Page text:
That brings us to December 9th, 2015. In one of the most shocking trades in major league history, the Braves flipped Shelby Miller off of a career year for Ender Inciarte, first overall pick Dansby Swanson, and Aaron Blair. While injuries ultimately derailed Blair’s career, Inciarte become one of the most important players in the Braves transition to success and Swanson is still the lynchpin of Atlanta’s infield defense. Miller went on to produce -1.5 bWAR for the Diamondbacks while Inciarte and Swanson have produced 9.6 bWAR and 9.1 bWAR for the Braves, respectively. The Braves were relatively quiet on the trade from for awhile, with nothing of real value to move anymore, but made some key pick ups throughout the 2016 season like receiving a competitive balance pick in exchange for two low level minor leaguers. In December they moved minor league players for major league pitcher Jaime Garcia, who will be very important in about 7 months. They also received Luke Jackson for two minor leaguers who did a whole lot of nothing in Texas. In late November the Braves traded for Alex Jackson, and in the last relevant trade of the Coppolella era flipped Garcia for some raw right handed pitcher named Huascar Ynoa. Perhaps the biggest moves of Coppolella’s career were the ones he never made. On many occasions top draft picks like Mike Soroka and Austin Riley were requested in trades, and current stars Freddie Freeman, Ronald Acuna Jr., and Ozzie Albies were one of only a handful of players incumbent from the Wren era that Coppolella didn’t ship out. Coppolella had missteps, but on many occasions rightfully evaluated the talent of his players and was able to rebuild through trades with a bunch of players that ultimately would not have contributed in Atlanta.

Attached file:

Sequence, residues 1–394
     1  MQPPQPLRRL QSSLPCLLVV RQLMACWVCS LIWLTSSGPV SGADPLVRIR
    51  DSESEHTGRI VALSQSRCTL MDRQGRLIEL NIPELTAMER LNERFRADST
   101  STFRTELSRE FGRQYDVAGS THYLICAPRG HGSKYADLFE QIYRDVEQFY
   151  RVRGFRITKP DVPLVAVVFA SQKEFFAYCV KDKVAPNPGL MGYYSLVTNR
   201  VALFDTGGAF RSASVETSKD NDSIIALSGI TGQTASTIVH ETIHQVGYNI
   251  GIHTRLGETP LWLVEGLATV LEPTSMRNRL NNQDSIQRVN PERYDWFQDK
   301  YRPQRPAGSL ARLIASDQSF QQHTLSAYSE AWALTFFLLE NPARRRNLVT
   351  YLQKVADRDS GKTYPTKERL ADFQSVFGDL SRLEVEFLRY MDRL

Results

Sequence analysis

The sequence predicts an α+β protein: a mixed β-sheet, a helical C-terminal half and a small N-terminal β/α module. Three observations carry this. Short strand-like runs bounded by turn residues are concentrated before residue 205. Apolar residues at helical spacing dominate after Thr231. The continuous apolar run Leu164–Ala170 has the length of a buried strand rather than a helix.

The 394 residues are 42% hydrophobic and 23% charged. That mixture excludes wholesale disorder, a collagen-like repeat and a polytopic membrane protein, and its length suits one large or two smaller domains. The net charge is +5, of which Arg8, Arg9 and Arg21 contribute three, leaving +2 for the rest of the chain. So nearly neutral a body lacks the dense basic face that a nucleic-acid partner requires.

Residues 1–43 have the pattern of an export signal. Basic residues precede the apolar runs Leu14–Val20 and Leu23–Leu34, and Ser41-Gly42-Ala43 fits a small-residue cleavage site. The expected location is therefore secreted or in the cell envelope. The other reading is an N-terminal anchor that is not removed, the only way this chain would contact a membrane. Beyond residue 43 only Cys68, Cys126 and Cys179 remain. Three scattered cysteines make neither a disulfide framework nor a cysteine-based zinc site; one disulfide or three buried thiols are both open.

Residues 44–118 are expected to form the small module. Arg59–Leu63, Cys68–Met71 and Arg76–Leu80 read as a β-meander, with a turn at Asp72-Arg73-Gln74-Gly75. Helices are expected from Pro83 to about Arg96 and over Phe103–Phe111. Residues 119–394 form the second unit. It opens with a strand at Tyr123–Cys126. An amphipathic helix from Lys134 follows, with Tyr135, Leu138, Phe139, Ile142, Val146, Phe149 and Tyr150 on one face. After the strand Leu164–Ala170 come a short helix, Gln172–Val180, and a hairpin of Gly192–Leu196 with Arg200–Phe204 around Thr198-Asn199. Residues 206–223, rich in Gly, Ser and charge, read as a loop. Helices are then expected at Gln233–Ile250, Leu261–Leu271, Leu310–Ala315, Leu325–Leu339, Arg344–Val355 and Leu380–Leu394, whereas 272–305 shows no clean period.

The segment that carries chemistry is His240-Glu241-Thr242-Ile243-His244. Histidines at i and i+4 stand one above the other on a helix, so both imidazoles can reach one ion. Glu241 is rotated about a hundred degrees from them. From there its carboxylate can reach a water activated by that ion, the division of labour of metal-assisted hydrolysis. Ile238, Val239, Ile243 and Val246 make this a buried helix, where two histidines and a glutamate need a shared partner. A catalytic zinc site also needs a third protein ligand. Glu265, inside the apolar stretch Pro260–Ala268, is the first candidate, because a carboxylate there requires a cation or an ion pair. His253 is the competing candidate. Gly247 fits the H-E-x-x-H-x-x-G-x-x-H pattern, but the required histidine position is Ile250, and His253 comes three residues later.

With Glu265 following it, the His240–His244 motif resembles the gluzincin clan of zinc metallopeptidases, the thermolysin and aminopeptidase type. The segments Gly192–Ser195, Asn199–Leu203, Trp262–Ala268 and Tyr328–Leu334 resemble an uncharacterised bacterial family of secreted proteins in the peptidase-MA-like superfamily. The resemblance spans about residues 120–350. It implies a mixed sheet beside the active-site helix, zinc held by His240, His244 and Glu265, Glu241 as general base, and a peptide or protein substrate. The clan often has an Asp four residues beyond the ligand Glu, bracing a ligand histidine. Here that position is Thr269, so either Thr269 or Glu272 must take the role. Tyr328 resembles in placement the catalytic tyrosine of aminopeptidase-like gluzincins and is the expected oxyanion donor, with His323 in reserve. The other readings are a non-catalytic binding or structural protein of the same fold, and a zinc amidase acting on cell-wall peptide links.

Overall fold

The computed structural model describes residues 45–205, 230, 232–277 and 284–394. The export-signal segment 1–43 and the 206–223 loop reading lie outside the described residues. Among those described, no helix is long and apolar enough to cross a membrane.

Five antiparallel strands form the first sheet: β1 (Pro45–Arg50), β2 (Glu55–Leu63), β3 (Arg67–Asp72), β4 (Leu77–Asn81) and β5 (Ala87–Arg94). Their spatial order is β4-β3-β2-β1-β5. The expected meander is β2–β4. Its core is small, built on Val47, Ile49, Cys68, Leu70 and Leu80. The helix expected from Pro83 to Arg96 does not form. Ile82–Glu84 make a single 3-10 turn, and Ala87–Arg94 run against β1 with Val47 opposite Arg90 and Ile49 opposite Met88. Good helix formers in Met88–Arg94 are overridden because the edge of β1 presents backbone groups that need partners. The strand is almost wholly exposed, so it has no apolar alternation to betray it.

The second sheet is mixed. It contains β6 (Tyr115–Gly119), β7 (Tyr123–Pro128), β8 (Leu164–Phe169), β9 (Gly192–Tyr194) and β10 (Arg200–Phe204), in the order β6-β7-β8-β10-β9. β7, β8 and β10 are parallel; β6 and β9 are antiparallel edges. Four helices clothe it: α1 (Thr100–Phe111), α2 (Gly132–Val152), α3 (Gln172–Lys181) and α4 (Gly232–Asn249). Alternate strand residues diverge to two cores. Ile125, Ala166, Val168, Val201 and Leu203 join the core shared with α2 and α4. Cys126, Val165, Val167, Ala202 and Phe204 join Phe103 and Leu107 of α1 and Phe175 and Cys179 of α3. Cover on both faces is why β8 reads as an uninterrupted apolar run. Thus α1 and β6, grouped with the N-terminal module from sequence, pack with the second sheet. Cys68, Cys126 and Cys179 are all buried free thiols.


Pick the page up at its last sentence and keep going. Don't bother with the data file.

Amateur Draft